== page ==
Kids can certainly outgrow their clothes, and so can employers with their retirement plans. A SIMPLE-IRA may have worked in the beginning, but if you want to change to a 401(k) plan in 2019, November 2 is the deadline to take action.
Employers must provide notice to their employees by that date that 2018 will be the last year for the SIMPLE; and that it will be replaced by a 401(k) plan. Why change from a SIMPLE to a 401(k) Plan? A SIMPLE is relatively inexpensive to administer, but here’s why 401(k) may be better for you.
401(k) plans offer several advantage over SIMPLEs. They can:
- Provide larger tax deductible contributions
- Favor owners and highly compensated employees
- Have a more restrictive vesting schedule; and eligibility provision
- Offer the Roth after-tax option
- Allow for plan loans
- Provide better creditor protection
But in order to make the change, here are a few matters to keep in mind:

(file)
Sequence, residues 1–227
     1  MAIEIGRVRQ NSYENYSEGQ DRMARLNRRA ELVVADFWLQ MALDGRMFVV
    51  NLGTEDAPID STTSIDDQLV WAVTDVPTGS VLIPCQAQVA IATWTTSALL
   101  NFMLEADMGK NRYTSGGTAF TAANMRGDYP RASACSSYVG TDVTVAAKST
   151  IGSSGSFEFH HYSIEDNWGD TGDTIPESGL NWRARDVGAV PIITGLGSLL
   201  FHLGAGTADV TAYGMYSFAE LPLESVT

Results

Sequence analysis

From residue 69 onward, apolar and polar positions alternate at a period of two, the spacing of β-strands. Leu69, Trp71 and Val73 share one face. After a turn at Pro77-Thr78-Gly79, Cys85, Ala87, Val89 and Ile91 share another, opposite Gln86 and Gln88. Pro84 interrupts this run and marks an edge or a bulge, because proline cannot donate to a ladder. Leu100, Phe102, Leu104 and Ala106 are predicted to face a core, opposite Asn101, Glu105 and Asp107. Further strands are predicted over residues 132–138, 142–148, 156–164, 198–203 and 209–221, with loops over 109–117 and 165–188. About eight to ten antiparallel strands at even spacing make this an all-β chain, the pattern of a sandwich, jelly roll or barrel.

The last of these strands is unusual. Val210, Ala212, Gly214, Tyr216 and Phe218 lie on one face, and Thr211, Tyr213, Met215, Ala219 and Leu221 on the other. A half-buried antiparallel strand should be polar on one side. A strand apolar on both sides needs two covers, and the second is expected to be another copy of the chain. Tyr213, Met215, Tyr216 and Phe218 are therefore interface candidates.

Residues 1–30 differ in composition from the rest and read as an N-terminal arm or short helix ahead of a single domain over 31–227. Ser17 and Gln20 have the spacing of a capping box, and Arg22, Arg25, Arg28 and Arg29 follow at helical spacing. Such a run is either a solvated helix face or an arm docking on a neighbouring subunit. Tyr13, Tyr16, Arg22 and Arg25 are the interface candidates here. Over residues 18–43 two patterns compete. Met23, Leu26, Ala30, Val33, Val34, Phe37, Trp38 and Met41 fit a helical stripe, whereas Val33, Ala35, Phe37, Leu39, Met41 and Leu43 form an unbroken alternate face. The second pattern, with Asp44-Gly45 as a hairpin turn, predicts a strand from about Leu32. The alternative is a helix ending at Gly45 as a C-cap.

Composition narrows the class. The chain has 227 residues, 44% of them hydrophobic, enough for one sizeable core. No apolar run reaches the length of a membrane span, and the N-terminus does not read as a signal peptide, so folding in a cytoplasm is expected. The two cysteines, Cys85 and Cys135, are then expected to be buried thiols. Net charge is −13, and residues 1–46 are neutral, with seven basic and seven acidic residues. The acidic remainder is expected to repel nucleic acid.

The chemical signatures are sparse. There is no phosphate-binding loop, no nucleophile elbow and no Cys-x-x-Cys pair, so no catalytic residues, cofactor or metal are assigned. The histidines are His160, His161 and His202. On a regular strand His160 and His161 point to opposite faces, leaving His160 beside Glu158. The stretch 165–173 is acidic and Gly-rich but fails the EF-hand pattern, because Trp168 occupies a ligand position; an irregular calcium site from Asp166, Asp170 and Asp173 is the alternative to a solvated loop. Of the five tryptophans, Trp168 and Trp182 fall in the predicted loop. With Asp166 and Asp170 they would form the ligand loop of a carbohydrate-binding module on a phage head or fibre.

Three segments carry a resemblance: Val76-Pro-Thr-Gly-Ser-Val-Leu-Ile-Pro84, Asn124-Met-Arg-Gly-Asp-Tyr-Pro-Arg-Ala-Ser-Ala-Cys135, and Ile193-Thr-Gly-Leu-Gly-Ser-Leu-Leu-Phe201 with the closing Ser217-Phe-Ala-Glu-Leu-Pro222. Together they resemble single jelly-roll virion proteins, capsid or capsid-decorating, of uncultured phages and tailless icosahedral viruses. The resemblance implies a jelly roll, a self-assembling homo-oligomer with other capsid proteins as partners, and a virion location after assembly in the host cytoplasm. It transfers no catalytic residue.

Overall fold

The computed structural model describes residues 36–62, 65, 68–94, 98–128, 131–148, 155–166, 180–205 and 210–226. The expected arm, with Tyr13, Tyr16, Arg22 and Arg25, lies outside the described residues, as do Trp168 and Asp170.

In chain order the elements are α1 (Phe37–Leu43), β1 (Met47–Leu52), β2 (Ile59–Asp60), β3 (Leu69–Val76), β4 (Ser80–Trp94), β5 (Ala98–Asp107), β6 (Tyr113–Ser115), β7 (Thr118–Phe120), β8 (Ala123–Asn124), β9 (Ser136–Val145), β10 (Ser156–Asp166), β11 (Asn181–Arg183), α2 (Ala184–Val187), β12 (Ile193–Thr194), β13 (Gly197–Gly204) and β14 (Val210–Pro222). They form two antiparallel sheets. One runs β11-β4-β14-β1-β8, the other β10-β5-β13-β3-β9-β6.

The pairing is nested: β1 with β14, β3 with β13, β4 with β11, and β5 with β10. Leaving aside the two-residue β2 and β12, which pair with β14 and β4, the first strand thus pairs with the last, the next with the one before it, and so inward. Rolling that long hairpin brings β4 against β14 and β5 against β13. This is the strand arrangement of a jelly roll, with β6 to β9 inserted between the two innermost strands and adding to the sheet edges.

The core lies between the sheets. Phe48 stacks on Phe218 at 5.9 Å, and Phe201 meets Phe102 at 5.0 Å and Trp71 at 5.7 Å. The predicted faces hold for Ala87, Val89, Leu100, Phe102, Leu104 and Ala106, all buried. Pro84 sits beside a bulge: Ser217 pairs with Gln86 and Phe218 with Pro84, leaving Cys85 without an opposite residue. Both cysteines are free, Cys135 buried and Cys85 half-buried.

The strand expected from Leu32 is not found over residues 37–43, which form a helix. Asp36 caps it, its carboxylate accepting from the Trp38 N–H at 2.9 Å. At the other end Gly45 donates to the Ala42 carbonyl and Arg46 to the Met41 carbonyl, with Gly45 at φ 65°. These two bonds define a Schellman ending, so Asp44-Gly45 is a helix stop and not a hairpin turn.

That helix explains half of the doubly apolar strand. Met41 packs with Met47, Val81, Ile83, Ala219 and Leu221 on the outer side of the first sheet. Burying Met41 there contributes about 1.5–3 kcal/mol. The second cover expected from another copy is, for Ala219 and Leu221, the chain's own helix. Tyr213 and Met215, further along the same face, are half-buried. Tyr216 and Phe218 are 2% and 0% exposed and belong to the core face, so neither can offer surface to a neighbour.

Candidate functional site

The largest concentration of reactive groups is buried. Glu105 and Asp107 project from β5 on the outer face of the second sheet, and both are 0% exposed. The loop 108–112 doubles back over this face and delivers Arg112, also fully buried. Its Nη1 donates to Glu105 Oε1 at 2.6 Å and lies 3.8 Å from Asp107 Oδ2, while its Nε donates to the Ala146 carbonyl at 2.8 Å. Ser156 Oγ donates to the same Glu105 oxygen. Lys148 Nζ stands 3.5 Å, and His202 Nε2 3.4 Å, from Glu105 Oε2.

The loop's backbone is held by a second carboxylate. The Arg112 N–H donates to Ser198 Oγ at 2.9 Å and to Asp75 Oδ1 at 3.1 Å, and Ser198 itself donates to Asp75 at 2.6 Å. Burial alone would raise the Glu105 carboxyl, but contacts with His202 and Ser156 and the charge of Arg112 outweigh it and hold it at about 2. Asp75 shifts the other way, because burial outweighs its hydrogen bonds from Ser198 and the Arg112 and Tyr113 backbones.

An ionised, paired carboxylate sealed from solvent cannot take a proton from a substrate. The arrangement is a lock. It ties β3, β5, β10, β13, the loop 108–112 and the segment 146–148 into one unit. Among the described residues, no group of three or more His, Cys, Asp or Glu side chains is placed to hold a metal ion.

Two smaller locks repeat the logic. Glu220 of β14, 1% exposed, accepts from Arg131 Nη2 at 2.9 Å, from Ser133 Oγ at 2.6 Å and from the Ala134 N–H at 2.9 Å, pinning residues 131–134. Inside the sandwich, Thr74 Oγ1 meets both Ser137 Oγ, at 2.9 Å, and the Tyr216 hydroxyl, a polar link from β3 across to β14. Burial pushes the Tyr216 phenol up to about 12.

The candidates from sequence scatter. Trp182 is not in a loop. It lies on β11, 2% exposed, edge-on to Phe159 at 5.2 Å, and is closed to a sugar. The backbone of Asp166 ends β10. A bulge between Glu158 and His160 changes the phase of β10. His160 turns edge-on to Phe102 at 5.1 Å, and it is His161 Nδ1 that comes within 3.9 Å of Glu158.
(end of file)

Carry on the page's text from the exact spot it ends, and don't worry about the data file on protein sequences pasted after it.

Termination. An employer cannot terminate or amend a SIMPLE in the middle of the year. Once started it must be continued for the entire calendar year, funding all contributions promised in the employee notice for 2018.
Required Notice. As mentioned above, employees must be notified within a reasonable time prior to 60 days before the end of the year, i.e., November 2, 2018, that the employer will discontinue the SIMPLE effective the following January. If this notice is not timely provided, the employer must continue to sponsor the SIMPLE in 2019 and cannot establish another qualified plan such as 401(k) that same year.
Rollovers/Transfers. The tax rules regarding a rollover or transfer from a SIMPLE to another qualified retirement plan are very complicated. In general, an employee cannot transfer money tax free to a 401(k) during the 2-year period beginning when the employee first participated in the SIMPLE. The 2-year period begins on the first day on which the employer deposits contributions in the employee’s SIMPLE.
Continued Compliance. The SIMPLE must continue to be kept in compliance prior to its termination. Prior document or operating mistakes should be corrected to preserve the tax advantages.
Just like clothing, a “one size” fits all doesn’t work for every employer. Which type of plan is best is, of course, based on each employer’s situation.